Another important legacy is the enduring enmity felt by the Thai people towards the Burmese people. The enmity, while shallow, began largely from Hsinbyushin's reign, in light of the utter and senseless wanton destruction of the Siamese capital Ayutthaya in 1767. A Siamese chronicler wrote: "The king of Hanthawaddy (Bayinnaung) waged war like a monarch but the king of Ava (Hsinbyushin) like a robber." While the wars in those days were fought between the monarchs not between peoples, anti-Burmese feelings persist in the Thai world view. This enmity at least in the Thai political leadership manifested in the Thai "buffer zone" policy, which has provided shelter, at various times actively encouraged and "sponsored", the several ethnic resistance groups along the border. Indeed, the long-running ethnic rebellions by the Shan, the Mon, the Karen against the Burmese government would likely not be possible without the Thai government's active or passive support.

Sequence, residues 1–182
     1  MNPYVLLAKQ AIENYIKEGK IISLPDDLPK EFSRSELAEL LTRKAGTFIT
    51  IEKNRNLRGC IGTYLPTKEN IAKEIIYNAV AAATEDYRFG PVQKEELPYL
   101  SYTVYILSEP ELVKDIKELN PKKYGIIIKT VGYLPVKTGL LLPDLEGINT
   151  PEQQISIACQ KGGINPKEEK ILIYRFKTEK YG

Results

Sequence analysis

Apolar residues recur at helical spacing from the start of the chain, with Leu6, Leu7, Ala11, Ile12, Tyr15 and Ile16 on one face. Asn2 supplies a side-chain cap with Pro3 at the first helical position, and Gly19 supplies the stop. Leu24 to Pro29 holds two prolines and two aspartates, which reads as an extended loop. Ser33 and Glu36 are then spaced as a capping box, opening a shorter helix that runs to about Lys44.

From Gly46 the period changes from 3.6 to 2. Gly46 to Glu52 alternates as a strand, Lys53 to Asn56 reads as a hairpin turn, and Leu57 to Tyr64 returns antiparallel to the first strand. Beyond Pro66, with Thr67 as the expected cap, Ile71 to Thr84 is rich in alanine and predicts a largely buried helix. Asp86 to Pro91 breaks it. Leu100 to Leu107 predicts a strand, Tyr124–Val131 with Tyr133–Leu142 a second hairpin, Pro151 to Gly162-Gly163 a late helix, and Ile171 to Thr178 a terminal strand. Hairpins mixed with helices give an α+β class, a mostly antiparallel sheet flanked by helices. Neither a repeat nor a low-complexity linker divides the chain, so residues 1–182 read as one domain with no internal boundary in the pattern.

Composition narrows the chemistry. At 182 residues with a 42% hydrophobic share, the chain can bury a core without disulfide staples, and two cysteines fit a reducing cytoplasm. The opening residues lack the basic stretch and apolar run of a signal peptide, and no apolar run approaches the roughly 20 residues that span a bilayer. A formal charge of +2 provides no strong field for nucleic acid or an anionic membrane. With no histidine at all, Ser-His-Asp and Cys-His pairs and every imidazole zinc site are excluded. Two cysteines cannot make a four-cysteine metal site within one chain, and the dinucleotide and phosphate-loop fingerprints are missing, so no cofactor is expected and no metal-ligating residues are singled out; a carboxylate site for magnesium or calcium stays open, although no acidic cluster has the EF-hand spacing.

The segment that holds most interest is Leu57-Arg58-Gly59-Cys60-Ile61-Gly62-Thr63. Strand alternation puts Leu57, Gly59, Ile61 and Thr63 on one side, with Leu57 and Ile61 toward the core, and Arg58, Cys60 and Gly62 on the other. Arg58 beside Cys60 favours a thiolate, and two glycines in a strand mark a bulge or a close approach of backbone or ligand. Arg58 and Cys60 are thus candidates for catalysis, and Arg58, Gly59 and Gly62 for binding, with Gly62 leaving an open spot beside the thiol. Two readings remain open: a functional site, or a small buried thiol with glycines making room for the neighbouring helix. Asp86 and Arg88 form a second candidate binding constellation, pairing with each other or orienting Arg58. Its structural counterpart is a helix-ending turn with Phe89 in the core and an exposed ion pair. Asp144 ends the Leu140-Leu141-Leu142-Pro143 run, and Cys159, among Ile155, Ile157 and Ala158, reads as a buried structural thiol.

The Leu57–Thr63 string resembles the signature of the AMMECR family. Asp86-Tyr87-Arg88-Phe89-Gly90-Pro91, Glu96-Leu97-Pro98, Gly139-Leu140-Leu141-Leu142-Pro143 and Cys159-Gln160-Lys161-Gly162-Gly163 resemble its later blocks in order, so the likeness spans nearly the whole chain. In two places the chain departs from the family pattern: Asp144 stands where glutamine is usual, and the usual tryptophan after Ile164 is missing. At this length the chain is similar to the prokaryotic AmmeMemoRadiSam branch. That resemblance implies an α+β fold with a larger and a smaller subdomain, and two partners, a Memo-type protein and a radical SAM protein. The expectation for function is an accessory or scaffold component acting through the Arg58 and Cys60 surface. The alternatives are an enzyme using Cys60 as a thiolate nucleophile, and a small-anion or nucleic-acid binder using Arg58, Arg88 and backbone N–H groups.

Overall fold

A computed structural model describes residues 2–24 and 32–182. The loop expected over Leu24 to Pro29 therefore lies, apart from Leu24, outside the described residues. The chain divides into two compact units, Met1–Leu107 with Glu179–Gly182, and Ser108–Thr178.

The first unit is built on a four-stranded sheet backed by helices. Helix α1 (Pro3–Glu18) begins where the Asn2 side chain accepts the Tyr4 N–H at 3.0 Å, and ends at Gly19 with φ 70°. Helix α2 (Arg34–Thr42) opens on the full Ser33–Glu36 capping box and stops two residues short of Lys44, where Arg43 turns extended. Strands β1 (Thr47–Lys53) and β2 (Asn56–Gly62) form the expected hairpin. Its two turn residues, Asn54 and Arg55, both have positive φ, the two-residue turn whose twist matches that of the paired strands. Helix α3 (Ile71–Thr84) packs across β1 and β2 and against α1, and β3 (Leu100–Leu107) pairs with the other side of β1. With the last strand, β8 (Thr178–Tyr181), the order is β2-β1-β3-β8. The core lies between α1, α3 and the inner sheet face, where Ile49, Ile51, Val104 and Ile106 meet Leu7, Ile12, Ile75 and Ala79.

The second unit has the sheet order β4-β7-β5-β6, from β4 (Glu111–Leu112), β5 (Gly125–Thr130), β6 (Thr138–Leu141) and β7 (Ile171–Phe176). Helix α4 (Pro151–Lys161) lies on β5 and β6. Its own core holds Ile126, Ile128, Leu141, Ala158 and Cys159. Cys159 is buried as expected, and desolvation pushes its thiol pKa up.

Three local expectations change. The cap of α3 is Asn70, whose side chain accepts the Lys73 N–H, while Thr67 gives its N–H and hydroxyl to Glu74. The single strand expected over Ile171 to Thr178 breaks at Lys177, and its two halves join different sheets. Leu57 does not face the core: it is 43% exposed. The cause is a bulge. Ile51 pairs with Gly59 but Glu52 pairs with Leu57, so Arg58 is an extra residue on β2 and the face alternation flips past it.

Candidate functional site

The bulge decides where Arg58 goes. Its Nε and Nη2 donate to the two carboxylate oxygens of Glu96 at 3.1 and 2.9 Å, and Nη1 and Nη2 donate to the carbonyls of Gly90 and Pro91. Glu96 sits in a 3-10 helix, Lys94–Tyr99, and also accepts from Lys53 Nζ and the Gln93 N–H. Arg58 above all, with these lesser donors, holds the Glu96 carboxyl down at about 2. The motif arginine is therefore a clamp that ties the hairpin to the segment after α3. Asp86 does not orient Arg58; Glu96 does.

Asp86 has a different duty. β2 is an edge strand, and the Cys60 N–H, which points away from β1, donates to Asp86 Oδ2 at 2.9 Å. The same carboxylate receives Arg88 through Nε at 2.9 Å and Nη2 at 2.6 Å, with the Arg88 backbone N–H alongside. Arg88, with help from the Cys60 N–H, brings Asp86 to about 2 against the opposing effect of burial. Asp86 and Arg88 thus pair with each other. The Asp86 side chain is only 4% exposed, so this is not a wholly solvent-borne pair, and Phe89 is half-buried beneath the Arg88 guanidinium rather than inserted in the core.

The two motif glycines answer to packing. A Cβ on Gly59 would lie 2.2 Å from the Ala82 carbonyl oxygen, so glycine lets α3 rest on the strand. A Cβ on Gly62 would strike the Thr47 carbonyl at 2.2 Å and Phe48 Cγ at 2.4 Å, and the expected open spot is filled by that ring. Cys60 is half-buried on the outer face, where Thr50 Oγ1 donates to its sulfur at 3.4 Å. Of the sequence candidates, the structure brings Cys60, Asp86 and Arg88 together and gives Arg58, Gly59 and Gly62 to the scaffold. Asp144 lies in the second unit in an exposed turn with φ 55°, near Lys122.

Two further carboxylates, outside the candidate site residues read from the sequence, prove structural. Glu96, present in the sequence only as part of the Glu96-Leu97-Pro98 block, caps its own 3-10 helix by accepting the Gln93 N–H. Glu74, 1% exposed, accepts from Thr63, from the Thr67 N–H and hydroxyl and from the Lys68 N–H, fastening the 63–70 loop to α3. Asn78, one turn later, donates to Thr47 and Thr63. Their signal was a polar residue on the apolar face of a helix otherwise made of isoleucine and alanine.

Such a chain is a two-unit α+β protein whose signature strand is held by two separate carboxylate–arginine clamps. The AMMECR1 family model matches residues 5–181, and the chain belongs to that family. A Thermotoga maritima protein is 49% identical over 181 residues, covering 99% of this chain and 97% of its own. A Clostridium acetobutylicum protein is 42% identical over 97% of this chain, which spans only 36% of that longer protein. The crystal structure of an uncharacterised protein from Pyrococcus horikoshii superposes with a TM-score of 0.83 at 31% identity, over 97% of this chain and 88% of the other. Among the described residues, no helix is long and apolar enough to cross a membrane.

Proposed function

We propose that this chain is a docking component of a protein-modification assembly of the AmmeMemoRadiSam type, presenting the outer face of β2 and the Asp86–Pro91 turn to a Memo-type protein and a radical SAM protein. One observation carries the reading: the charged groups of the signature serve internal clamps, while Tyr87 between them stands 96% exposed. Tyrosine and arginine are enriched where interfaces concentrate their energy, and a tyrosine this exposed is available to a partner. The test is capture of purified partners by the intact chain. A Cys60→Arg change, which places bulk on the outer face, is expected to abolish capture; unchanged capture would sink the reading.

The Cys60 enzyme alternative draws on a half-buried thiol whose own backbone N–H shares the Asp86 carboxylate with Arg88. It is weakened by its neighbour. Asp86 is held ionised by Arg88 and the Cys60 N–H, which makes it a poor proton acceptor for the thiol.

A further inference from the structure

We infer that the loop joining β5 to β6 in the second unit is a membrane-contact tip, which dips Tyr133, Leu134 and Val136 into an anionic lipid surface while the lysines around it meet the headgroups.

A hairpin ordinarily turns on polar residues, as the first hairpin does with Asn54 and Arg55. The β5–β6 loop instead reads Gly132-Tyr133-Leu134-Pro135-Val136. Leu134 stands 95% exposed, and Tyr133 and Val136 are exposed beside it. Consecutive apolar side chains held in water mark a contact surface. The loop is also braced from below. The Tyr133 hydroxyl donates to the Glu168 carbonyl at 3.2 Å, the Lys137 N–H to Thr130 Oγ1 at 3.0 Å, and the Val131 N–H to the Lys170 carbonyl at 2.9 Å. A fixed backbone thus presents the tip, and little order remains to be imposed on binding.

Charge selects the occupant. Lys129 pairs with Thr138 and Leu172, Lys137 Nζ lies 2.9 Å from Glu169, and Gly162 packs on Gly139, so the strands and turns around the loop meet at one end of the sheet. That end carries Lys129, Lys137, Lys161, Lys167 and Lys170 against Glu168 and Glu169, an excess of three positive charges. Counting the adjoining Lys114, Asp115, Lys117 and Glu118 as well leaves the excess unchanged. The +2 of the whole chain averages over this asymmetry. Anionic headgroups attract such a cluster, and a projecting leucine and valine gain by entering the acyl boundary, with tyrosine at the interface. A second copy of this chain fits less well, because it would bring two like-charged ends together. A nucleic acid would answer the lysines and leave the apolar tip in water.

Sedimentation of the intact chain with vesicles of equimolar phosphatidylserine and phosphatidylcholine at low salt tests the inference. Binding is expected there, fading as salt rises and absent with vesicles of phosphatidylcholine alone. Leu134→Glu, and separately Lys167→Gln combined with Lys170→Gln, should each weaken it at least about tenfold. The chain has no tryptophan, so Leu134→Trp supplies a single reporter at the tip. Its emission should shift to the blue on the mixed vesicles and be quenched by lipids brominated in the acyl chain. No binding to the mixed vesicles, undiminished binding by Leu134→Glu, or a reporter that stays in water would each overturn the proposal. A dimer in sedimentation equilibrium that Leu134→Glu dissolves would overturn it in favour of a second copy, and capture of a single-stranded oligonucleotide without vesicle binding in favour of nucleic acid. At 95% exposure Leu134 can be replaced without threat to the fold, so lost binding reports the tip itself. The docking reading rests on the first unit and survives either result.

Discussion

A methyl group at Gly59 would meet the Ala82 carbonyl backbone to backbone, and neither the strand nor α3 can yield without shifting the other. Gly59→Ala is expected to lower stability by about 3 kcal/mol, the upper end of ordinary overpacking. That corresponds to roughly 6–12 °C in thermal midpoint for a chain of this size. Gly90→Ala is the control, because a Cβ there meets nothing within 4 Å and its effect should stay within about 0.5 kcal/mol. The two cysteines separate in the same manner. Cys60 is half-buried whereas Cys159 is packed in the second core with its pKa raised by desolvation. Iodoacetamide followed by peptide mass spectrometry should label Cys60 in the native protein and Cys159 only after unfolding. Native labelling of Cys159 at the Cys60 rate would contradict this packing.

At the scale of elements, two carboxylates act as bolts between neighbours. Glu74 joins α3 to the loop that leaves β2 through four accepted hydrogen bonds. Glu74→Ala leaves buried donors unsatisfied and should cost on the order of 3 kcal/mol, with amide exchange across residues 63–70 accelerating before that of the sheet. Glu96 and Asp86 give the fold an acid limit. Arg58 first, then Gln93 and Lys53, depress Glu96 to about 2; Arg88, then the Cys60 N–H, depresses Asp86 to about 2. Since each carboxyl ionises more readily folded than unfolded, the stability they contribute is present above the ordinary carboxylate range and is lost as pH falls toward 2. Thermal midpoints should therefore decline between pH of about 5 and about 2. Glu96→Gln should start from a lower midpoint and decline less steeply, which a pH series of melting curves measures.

- Buyers, King Hsinbyushin
- Lieberman, p. 184
- Myint-U, p. 90
- Myint-U, pp. 88–91
- Phayre, p. 153
- Harvey, p. 222
- Harvey, p. 249
- Harvey, p. 260
- Harvey, p. 248
- Phayre, p. 187
- Myint-U, p. 98
- Phayre, pp. 188–190
- Dai, p. 145
- Htin Aung, p. 181–183
- Harvey, p. 257–258
- Htin Aung, pp. 183–185
- Harvey, p. 259
- James, p. 735
- James, p. 601
- Ratchasomphan, Wyatt, p. 85
- Phayre, pp. 207–208
- Phayre, p. 206
- Harvey, p. 261
- Tarling, p. 238
- Htin Aung, p. 185
- Harvey, p. 246
- Harvey, p. 258
- Min Zin, Ayutthaya and the End of History
- Hall, p. 26
- Myint-U, p. 299, p. 308
- Buyers, Christopher. "The Royal Ark: Burma – Konbaung Dynasty". Retrieved January 2011. Check date values in: